QGIS is a largely volunteer driven project, and is the work of a dedicated team of developers, documenters, translators and supporters. Despite the efforts of the team to release QGIS without bugs, there may remain some bugs. If you find a bug or want new features to be added, please report it!
Each part of the QGIS Project has a dedicated place where issues (feature requests or bugs) can be reported, managed and discussed. Depending on the area you encountered the issue, the table below indicates the right repository to report it:
Place you found the bug or request a feature for
Place to report the issue
Applications (QGIS Desktop, QGIS Server)
QGIS Website (https://qgis.org)
QGIS Documentation (https://docs.qgis.org)
C++ API (https://qgis.org/api)
PyQGIS API (https://qgis.org/pyqgis)
The author repository set in the plugin description
For help and questions, please contact the Mailing lists.
QGIS applications (QGIS Desktop and QGIS Server) issues are available in Github. In order to submit or comment a report, you need to register and login.
Before filing an issue, verify that you are running the currently supported versions 3.28.11 or 3.32.3 or the development version 3.33 (see also Release schedule) and review the currently open issues to make sure that you aren’t creating a duplicate. If you have additional information on an issue, you can add it to the existing ticket. Third party plugins might also cause problems. If you have installed any, you should also verify that the problem is still reproducible without them. Please don’t report multiple unrelated bugs in a single bug report.
When you’re are logged in, a
New Issue button is available. Select it and
follow the instructions there.
Before sending the report, please check the formatting of your report by clicking on “Preview”. Please avoid editing existing reports, if not for typos. Better add further comments in any other case.
If you have a crash it might be useful to include a backtrace as the bug might be not reproducible on another machine.
On Linux QGIS automatically tries to use
gdb to connect to the crashing
process to produce a backtrace. But some distributions disable the possiblity
to connect debuggers to a running processes. In that case
produces a rather useless message like:
QGIS died on signal 11Could not attach to process. If your uid matches the uid of the target process, check the setting of /proc/sys/kernel/yama/ptrace_scope, or try again as the root user. For more details, see /etc/sysctl.d/10-ptrace.conf ptrace: Operation not permitted. No thread selected No stack. gdb returned 0 Aborted (core dumped)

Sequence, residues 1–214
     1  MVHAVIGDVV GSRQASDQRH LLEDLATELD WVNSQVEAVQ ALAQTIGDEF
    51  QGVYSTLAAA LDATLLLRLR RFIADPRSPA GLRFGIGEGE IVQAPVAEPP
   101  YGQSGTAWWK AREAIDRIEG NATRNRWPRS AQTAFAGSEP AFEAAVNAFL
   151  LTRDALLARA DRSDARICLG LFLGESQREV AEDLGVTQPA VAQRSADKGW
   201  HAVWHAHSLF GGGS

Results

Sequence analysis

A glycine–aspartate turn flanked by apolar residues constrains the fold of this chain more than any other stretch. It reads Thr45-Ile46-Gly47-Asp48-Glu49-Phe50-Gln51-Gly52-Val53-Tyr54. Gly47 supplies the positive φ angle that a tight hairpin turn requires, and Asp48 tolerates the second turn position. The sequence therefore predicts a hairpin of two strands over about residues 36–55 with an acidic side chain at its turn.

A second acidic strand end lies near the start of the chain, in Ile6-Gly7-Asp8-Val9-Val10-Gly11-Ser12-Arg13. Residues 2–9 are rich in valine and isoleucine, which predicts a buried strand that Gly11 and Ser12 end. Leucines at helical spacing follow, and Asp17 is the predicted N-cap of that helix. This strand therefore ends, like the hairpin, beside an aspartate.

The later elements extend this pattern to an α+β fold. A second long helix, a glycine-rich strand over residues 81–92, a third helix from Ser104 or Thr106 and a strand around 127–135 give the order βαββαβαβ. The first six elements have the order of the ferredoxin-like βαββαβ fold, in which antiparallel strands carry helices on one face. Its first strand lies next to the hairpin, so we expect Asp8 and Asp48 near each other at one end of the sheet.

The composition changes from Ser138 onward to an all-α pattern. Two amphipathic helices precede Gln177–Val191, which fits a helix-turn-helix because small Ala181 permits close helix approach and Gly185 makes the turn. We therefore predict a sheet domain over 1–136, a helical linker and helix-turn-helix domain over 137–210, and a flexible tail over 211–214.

In that case you should reenable that option by setting
kernel.yama.ptrace_scope to 0 in
/etc/sysctl.conf or some other file in
sysctl -p as root. When you reproduce the crash after that,
a backtrace will be printed instead.
If you cannot reproduce the crash, there should still be a core dump in the
current directory, that can be analysed after the process has already
terminated. It’s called
core (on some systems a dot and the process id is
append to the filename).
On some distributions the creation of core dumps is also disabled. In the
event that you just get
Aborted instead of
Aborted (core dumped) when the
crash occurs. Then you need to run
ulimit -c unlimited before starting QGIS.
You can also include that in your
.profile, so that it’s always enabled when
To produce a backtrace from the core file, start
/path/to/the/qgis/binary core. The binary is usually
/usr/bin/qgis.bin on Debian with the GRASS plugin installed. In
bt which will produce the backtrace.
The nightly build in OSGeo4W (package qgis-dev) is built with debugging output, that you can view with DebugView. If the problem is not easy to reproduce the output might shed some light about where QGIS crashes.
QGIS project provides an active web site and a rich documentation. Despite our efforts, if you find an out of date information, a wrong or unclear statement or miss a valuable information, please feel free to report it.
The main sources of these documents are hosted and managed in GitHub repositories so in order to report bugs or submit patches, you need a GitHub account and login.
To get started, first Create a GitHub account.
Then, choose the appropriate repository:
https://github.com/qgis/QGIS-Documentation/issues for QGIS documentation
https://github.com/qgis/QGIS-Website/issues for the web site
Check if the issue you’d like to report is not already entered.
Click New Issue, type a title and a clear description for your issue.
When you’re finished, click Submit new issue.
Fix me link is provided at the bottom of any page of the web site
to help you directly improve this page and submit pull request.
This option is also available in the footer of the documentation.
Most of the plugins in QGIS are published in the official QGIS Plugins repository. Bugs or feature requests relative to them must be opened in their respective bug tracking system:
For any plugin available in QGIS repository, you’ll find in its metadata a link to its bug tracker. Otherwise, consult the plugin documentation to find the address of the relevant bug tracking system or a developer to contact.
If no information is available, please report it to the Developer mailing-list.
For other plugins, we have no means to ensure such information are provided.
In addition to issue report, you can help to fix issues. Fixing issues is done in GitHub through pull requests. You need to fork the repository you want to contribute to and submit pull requests at:
https://github.com/qgis/QGIS for QGIS Desktop or QGIS Server applications
You can find a few guidelines that will help you to easily get your patches and pull requests into QGIS projects at Submitting Pull Requests. And more widely, You may need to read the Development Process chapter.